EDINBURGH head coach Alan Solomons has warned his side they must take far better care of the ball if they are to have any chance of overturning a ten-point deficit from the first leg of the 1872 Cup against Glasgow and reclaim the oldest trophy in club rugby for the first time since 2009.
The capital club coughed up an astonishing 17 turnovers and a frustrated Solomons admitted that stopped them both building meaningful field position and sustaining pressure in Warriors’ territory.
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Yet the South African is still full of belief that his men showed enough in a gritty defeat, in which their commitment and determination were never in question, to give hope they can bring Glasgow’s five-year domination of the famous old claret jug to an end in Friday’s return leg at BT Murrayfield.
“The big problem for us was that we turned over far too much ball at the breakdown and as a consequence we didn’t have field position, which was critical,” admitted Solomons.
“There were also one or two errors, like when we missed a first-up tackle on Sean Lamont and that led to a try that made a massive difference at a crucial time.
“We also had a kick from a penalty and we missed touch but really we were unable to sustain pressure deep in their half due to the turnovers. So we didn’t get the opportunity to play as much as we would have liked because of that and it was very frustrating.
“In derby games it is vital to take every opportunity and give away nothing and unfortunately we made too many errors but the key for me was that we coughed up some very costly ball.
“So we are going to have a close look at the breakdown, for me the turnovers were the killer for us.”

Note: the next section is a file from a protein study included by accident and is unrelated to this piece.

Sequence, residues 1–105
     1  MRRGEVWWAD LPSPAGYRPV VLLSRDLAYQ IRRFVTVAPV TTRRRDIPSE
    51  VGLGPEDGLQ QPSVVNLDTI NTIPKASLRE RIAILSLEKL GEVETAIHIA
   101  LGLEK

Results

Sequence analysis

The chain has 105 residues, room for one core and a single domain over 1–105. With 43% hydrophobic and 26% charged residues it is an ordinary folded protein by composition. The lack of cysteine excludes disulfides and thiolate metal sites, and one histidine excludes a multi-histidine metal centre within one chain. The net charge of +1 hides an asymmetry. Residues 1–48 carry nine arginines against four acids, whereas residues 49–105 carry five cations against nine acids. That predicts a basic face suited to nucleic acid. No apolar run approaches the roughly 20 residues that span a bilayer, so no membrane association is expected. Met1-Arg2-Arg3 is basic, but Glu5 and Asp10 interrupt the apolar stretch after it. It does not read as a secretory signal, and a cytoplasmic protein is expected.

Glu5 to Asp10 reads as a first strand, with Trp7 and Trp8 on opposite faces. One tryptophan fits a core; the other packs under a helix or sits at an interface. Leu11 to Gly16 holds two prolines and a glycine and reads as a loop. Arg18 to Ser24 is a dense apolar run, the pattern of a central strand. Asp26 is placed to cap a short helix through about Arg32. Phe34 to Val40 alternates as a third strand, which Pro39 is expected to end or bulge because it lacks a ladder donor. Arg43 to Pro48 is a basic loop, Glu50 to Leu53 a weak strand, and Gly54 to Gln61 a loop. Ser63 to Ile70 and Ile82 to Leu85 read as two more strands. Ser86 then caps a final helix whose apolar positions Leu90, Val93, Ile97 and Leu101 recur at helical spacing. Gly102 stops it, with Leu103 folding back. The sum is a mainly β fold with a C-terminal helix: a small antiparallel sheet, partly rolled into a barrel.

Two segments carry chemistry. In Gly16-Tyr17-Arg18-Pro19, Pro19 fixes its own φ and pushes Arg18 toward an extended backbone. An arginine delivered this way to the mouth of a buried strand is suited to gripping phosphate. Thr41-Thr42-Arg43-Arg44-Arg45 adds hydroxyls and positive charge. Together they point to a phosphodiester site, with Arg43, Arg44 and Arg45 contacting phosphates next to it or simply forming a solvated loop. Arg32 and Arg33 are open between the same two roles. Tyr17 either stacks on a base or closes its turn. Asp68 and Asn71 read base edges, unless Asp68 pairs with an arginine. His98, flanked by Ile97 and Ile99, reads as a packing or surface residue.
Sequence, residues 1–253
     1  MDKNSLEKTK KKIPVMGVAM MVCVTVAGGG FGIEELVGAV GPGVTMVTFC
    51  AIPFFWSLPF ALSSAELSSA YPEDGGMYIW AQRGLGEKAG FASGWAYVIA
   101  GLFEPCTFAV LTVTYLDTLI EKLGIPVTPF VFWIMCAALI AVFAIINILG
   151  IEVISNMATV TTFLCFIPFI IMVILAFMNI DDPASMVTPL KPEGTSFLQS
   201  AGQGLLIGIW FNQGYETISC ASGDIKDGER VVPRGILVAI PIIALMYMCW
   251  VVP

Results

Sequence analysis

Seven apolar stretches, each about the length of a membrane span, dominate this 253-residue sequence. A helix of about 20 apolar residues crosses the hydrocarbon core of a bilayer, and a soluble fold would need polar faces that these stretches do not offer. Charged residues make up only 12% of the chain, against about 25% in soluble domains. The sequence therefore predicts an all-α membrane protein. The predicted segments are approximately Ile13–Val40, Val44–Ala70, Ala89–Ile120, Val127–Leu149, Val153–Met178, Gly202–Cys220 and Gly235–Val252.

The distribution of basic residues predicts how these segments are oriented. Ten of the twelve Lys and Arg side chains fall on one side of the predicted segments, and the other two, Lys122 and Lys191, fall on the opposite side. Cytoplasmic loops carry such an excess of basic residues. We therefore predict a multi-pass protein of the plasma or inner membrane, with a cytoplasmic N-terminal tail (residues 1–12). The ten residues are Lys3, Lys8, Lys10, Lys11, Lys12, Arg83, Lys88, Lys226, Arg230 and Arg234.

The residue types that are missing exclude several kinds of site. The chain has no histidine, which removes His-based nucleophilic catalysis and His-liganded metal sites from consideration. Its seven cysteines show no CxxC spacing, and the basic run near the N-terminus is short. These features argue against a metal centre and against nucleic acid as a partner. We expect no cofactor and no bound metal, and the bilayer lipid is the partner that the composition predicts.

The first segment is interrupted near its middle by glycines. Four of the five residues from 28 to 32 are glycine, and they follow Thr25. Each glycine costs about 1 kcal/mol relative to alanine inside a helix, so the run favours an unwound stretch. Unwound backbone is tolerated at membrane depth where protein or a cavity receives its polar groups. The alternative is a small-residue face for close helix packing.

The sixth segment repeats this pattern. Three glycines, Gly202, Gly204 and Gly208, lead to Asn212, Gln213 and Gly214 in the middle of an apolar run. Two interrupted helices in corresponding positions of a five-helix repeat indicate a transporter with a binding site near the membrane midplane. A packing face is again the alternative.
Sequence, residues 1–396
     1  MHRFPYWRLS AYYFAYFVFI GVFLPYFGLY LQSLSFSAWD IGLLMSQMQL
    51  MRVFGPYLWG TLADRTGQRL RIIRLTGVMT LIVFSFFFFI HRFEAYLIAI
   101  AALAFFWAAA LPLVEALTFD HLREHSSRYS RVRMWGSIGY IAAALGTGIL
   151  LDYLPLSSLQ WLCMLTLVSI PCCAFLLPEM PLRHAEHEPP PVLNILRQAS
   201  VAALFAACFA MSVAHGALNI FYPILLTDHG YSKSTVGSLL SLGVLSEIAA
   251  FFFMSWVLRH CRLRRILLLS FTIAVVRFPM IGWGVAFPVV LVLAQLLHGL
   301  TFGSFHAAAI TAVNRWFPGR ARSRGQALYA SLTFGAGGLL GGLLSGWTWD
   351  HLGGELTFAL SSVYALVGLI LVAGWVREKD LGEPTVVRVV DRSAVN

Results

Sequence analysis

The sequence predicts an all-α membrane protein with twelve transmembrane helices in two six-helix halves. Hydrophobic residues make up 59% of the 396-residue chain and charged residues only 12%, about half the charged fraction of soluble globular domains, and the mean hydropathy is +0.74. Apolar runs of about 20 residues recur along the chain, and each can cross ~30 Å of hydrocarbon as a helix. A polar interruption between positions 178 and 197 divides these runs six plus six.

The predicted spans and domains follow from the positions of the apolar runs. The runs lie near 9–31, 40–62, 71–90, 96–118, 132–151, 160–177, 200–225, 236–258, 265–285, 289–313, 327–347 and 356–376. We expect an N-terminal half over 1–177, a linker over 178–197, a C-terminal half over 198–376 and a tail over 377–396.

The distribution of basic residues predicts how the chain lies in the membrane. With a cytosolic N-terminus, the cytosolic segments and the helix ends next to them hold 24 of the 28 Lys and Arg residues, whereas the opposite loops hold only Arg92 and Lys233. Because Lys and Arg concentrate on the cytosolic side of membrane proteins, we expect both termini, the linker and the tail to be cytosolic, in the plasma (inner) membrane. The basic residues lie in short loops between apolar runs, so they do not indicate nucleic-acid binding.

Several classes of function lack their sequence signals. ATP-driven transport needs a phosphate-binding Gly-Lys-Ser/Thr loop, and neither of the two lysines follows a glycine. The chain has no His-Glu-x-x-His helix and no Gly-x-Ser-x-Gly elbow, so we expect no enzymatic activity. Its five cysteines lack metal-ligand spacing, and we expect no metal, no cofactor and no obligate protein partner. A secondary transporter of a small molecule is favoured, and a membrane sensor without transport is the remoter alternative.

While full-back Jack Cuthbert has sustained a leg injury that makes him a doubt for Friday’s reprise, there was better news on flying wing Tim Visser.
Solomons revealed: “Tim had played five games on the bounce and he was feeling his hamstring while his back was also worrying him.
“It was unfortunate timing but we had to give him a break. So we have rested him but Tim will be good to go on Friday at BT Murrayfield.”
Although Solomons conceded that the 16-6 margin of defeat his side must overcome to reclaim domestic supremacy will be a tough ask, the Edinburgh head coach was bullish about his side’s prospects of doing just that.
The 64 year-old said: “We can definitely turn it around, it is going to be a tough challenge, as Glasgow are a very good side and ten points is a big enough margin but it is by no means an impossible task.
“So we will focus on what we believe can make the difference and if we can just cut out the errors and become that bit more clinical then we will give ourselves an opportunity at achieving that.”
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